• Hashihouseman I think Diogenes addressed the issue of T4-T3 proportions in porcine desiccated thyroid on the forum a few weeks ago. The human body will take the T4 it needs for conversion (assuming one can convert efficiently) and the rest will be deiodinated to RT3, the waste product. The fact that pig thyroids produce more T3 in the gland than humans do isn't really relevant. Or at least, it becomes relevant if NDT/DTH doesn't provide the individual human patient with enough T3, and that patient is also a poor converter.

  • I haven't found any scientific research that talks about that or evidences the assumptions behind it.... Can anyone on here link to the research that sheds more light on this. All the research I have seen indicates that homeostasis is demand led rather than continually adapting to excess supply. Hyperthyroidism is partly a consequence of our limited allostasic potential to ameliorate excess endogenous T3. Euthyroid individuals are unlikely to produce the excess of T3 possible with high doses of desiccated. The Naturopathic solution to homeostatic peturbation is surely mimicing Euthyroid hormone synthesis with exogenous replacement as closely as practicable....?

  • Porcine DTH is still mainly protein-bound T4; the T3 component is small.

    Strongly suggest you ask diogenes for the info you require.

  • It’s all conjugated protein. T4 T3 ratio is 4.2:1

  • Human thyroid hormone secretion is more like 10:1 or more.

  • As before, please refer to diogenes (Dr John Midgley) on this subject. He is an active member of the forum.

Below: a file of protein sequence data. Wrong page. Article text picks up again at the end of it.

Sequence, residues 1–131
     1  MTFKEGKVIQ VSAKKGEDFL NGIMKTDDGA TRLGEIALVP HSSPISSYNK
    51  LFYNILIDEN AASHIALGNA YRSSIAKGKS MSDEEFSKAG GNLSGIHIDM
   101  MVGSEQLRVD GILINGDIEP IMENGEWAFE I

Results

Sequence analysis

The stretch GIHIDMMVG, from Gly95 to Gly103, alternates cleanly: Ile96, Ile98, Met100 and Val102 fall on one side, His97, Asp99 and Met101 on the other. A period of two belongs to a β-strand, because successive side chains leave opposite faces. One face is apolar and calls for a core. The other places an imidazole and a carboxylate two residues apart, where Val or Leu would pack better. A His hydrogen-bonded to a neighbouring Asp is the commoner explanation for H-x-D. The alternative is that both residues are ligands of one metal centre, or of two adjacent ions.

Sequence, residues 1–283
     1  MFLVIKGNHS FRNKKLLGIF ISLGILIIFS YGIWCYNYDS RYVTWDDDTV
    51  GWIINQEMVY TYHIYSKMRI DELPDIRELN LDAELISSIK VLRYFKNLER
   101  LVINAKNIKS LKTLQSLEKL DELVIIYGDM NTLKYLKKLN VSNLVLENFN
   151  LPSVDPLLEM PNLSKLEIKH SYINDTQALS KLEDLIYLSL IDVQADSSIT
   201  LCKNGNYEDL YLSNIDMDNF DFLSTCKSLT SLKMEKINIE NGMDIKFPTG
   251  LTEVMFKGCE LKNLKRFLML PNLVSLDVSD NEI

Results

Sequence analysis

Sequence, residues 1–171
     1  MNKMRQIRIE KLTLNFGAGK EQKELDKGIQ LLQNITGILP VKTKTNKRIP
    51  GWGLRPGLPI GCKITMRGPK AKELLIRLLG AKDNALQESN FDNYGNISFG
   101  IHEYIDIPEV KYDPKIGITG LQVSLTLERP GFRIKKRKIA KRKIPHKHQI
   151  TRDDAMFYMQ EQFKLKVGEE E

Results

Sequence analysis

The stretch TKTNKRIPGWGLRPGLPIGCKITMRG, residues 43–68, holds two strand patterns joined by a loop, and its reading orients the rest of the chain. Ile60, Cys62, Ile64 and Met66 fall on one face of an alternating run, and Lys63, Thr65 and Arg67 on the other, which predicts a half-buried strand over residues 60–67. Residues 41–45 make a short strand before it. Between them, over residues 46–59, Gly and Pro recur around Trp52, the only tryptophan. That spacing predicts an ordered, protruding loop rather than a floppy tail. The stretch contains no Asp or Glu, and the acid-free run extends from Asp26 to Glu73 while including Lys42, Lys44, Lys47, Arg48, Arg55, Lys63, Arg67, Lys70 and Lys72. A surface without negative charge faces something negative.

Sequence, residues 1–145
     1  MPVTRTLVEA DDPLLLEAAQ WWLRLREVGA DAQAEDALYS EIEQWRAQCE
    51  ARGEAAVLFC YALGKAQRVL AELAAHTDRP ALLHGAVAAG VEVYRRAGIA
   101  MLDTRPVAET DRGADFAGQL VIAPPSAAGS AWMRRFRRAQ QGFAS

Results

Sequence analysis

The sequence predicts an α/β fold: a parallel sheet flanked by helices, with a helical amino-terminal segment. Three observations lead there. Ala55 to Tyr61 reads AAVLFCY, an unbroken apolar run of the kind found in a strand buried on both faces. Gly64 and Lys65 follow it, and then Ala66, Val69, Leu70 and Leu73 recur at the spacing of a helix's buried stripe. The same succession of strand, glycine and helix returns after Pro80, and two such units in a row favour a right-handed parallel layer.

• I hadn't seen this discussion till now. The sequence is that the thyroid produces about on average 20% of the T3 that is present in the body. The remaining 80% comes from T4 conversion in the tissues. Therefore the body only produces what extra T3 is needed to satisfy demand overall. In health, if the thyroid slightly falls in production, body conversion makes up for it. If the thyroid is lost, the body has to do it all - that is work harder to make up for the loss of direct T3 supply. If T4 only is supplied then for some people, the tissues can't convert enough to satsify needs at any T4 level - if added too much T4, the conversion is actually inhibited, and T4 is diverted to rT3 to avoid what the body sees as a toxin. Thus from this argument alone, the T4/T3 ratio is different in therapy than in health. So if this change is tolerated, so this applies to NDT which similarly has an apparently improper ratio of T4 to T3. But it is not the ratio that matters, but the actual T3 in the body derived from the amount of the combinations of T3 supplied direct and T4 conversion. So long as the NDT dose doesn't by this combination produce too much T3, then all is well. One can disregard the T4 as being the inactive reservoir.